About nine months after the nostalgic Kindall Store’s reopening, visitors have worn a path to the door in search of something they won’t find on its shelves. It’s not gas and groceries – they don’t sell them these days – nor is it necessarily the local goods they have for sale.
Instead, it’s an experience nestled in the tucked-away, nearly-no-more-community of Olga.
The Kindall Store came back to life in 2023.
“Something I think is interesting about the store since we've opened is how many people have said, ‘I feel like I've gone home, or gone back to Grandma,’” says Renee Vines, who revived the store with her husband, Rick. “‘That’s what I feel like, and that’s what it smells like in here.’”
“We've had so many people tell us that and older people that have teared up and said, ‘I haven't had this feeling in a long time.’”
History of the Kindall Store
The store’s sense of nostalgia is real. It was built in 1924, the Vineses say, and was a typical general store for folks in the Olga community. Today, other remnants of that tiny settlement are gone, but the store building – located about six miles south of Fordland on Route Z – has remained.
The store was long led by Corda (pronounced Cordie) Tella Kindall, whose family was long in the business of rural stores. Corda was the store’s longtime leader, only closing it when health challenges forced the reality in the early ‘90s.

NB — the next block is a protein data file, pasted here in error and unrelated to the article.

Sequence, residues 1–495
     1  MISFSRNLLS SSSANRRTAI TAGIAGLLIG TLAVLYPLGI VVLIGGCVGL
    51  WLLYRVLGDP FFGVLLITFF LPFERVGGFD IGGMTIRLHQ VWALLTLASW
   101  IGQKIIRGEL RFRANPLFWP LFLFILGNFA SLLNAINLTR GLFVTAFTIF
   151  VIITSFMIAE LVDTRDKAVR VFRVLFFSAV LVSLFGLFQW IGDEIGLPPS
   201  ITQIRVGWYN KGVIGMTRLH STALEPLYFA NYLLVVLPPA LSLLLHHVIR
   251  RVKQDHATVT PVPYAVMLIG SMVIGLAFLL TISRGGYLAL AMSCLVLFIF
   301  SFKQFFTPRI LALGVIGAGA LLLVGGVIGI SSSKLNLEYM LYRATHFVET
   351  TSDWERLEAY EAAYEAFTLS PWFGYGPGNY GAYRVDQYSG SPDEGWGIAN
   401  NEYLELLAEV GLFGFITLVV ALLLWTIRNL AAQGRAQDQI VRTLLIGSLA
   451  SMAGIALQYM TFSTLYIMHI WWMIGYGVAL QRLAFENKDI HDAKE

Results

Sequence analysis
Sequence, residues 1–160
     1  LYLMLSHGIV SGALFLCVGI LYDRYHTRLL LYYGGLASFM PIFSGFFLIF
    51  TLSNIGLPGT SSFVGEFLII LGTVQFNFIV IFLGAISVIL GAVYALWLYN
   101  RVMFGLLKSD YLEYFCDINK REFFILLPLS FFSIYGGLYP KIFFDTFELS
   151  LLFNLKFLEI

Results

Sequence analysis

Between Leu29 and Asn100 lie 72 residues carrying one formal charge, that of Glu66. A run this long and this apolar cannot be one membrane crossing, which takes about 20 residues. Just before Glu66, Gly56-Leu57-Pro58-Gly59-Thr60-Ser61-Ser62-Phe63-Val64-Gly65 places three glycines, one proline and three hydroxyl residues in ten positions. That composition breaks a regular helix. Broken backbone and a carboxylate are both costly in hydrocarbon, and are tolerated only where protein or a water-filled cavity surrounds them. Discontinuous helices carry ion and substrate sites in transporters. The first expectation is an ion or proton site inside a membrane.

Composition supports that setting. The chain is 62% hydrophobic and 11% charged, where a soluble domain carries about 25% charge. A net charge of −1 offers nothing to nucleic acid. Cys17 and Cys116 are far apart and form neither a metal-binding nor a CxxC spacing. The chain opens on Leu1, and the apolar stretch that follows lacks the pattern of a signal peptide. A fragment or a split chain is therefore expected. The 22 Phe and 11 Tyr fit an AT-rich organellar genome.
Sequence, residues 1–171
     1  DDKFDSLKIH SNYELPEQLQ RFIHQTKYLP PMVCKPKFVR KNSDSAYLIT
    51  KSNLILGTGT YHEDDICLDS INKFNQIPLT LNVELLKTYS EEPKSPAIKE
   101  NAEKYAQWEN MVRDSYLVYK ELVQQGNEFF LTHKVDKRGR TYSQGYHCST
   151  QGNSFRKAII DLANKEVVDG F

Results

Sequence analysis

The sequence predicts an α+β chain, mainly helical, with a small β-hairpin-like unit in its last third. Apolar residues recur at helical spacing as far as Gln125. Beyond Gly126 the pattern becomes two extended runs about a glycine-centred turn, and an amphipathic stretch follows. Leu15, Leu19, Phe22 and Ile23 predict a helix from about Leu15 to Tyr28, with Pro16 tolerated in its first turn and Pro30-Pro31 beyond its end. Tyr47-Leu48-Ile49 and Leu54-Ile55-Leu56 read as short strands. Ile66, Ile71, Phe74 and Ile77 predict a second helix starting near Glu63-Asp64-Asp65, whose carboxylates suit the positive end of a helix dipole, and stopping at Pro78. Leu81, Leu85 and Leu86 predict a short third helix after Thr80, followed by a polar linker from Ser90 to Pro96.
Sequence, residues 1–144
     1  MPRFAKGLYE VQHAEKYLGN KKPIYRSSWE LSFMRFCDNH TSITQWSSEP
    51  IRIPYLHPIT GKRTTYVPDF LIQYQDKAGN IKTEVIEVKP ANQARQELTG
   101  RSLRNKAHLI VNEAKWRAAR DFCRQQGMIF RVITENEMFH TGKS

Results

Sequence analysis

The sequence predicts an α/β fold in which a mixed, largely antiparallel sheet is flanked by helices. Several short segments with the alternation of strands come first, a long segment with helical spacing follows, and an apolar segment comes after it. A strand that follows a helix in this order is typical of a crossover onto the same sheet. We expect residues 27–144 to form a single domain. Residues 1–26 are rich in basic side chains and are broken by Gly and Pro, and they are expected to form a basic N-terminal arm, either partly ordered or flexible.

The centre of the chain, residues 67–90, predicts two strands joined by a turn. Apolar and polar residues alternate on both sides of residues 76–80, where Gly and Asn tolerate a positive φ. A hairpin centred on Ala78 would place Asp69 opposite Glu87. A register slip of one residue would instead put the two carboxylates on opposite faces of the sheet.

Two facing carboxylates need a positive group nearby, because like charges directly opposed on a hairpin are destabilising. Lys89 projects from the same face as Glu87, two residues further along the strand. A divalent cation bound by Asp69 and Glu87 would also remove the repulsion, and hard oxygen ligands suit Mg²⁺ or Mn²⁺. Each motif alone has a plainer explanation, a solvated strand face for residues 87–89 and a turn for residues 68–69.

It remained closed until after the turn of the 21st century, when it reopened to sell general goods and groceries. After passing through a couple of hands, it closed again – and gave the Vines the opportunity to bring it back in a new way.
Rick Vines has deep local connections. He grew up in the area, and has his own memories of shopping at the store.
“She was always here,” Rick Vines told Ozarks Alive in 2022 of Corda Kindall. “As a kid I loved her because she was so nice.
“I wish I’d asked more questions when I was young, but I didn’t.”
Reopening the store
That legacy led to the couple’s development of the store a little differently from a typical general store. Instead of dry goods and groceries, when they opened in April 2023 they offered things like speciality soaps, candles and honey. Among many other items, there are red-checkered tablecloths, bottles of cold soda pop – found in a vintage cooler – locally flavored popcorn and homemade potholders.
Rick and Renee Vines reopened the Kindall Store in April 2023.
Even though the store’s owners originally expected to be open once in a while — or perhaps when nearby events were going on — the store has quickly developed a following that’s led it to be open nearly every Saturday and Sunday.
“We have regulars that come, like every weekend,” says Renee Vines. “They talk to us. (Part of our goal is) becoming part of their routine and their life and hopefully their community.”
A peek inside the Kindall Store shows baked goods, gifts and a place reminiscent of another time.
In the back, tables and chairs wait for diners who can enjoy sandwiches and other light lunchtime fare. (Or maybe play an impromptu game of checkers.)